There is a malevolent stream of traffic on the Internet that no one notices. You’re not aware of it, but it’s out there, lurking, travelling in unseen packets from website to website, hoping to come across that one domain where the website security is a little too lax, the passwords a little too simple, and then pounce on it, infecting it with alien code that can do anything from pop up ads to trashing or deleting the site, and maybe even copying and sending your user information back to the mothership.

If you’re starting to feel nervous then good, I’m getting my point across.

You can Google “How can I protect my WordPress site?” and get dozens of excellent articles on simple, mostly non-technical website security measures you can implement quickly to immediately boost your site’s security. I recommend implementing as many as you can. For persistent attacks however, I’ve taken it one step further. Well, two steps.

The Nature of the Common Attack

Automated scripts called bots trawl the Internet jumping from link to link, constantly searching for unsecured, poorly secured, or sites with as-yet-undiscovered security flaws. When a bot does come across a site that they recognize as a WordPress, Joomla, Drupal, Mambo, Ghost, CodeIgnite, Zend, or any other popular Website platform, they’ll begin to probe it. Typically this amounts to trying default settings for usernames and passwords. If your password is “12345”, “qwe123”, “qwe321”, “manager” or something easy to guess, I’m 100% certain that sooner or later, your site is going to get hacked. It’s a small comfort to know that these attacks aren’t personal— at least most of the time. But you feel violated nonetheless.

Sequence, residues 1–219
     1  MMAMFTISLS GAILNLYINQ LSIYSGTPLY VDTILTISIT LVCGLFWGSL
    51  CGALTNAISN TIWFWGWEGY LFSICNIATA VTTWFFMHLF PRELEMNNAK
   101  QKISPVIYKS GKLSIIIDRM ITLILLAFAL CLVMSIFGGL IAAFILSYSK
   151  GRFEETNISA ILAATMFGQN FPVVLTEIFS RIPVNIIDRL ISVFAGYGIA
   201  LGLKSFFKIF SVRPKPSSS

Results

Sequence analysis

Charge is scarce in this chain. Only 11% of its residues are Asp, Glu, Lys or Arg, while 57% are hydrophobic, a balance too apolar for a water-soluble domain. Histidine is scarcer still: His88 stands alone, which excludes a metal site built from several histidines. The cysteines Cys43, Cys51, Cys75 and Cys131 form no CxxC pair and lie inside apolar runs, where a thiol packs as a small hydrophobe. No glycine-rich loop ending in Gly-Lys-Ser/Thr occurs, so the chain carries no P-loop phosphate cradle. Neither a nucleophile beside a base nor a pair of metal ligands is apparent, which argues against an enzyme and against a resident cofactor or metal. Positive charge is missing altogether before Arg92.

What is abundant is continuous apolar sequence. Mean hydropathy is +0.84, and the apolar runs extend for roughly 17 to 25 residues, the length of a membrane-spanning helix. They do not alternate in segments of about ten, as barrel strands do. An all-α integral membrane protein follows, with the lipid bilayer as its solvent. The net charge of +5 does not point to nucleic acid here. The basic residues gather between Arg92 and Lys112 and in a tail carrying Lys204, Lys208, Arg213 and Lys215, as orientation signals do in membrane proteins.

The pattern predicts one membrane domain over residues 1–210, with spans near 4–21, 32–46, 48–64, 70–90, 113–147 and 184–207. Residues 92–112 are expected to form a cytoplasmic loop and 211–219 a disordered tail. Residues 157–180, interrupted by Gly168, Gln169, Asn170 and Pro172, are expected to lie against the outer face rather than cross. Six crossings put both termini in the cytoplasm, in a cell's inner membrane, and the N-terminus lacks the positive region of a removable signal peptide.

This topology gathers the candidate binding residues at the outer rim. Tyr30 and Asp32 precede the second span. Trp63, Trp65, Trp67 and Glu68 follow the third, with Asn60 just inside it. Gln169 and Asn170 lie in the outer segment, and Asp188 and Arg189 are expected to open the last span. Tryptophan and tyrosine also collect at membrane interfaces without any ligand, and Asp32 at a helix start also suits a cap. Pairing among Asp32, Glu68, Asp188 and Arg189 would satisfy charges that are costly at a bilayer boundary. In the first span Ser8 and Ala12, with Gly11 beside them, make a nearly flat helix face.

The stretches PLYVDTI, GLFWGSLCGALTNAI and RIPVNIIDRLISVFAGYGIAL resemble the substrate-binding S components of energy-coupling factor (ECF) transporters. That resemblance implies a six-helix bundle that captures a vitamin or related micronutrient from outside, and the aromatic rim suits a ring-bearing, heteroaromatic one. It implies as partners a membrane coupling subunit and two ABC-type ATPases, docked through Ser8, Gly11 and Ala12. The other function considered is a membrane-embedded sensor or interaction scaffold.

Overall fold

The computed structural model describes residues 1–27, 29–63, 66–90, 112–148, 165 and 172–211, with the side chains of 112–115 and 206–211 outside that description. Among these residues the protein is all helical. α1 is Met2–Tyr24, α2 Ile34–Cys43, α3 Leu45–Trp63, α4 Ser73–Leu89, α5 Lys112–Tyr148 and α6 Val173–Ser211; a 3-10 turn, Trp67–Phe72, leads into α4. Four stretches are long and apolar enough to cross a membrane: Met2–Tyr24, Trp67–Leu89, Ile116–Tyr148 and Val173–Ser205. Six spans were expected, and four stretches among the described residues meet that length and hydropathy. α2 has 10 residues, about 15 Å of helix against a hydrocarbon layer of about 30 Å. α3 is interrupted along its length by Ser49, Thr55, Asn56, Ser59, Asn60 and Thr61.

If a bot successfully exploits a website security weakness and manages to worm its way into a site, one form of infection is that the bot deposits little chunks of code disguised as legitimate files. These piles of code poo can then execute instructions that may rewrite a web page, redirect your traffic to porn sites, or artificially craete links so when Google indexes your site, you inadvertently offer hundreds of backlinks to sites for enhancement pills, online gambling, or sites of a similarly dodgy nature. Have you ever see the startling red warning screen Google Chrome and Mozilla Firefox throw up when you reach a compromised site? Then you know what I’m talking about.

Website Security Countermeasures

I started noticing a little while ago that a WordPress website I manage would get knocked offline every once in a while. Fixing it was relatively easy, so I didn’t think much about it. Then, as it started happening with more frequency, so I looked more deeply into the problem. The issue was that code would get corrupted on various pages that WordPress needed to function. But I couldn’t spot where the attack vector (the point where the malicious code was inserted) originated. I needed a way to identify what was being executed that resulted in my site going blank. And then I needed a way to combat it. Because I was going to war.

The first part of the solution to improve the website security of the affected site presented itself as an excellent article on Logging post data. This gave me the basis for seeing what I couldn’t see, namely what data was being sent to my site to trigger the exploit. I set the script up and let it run overnight.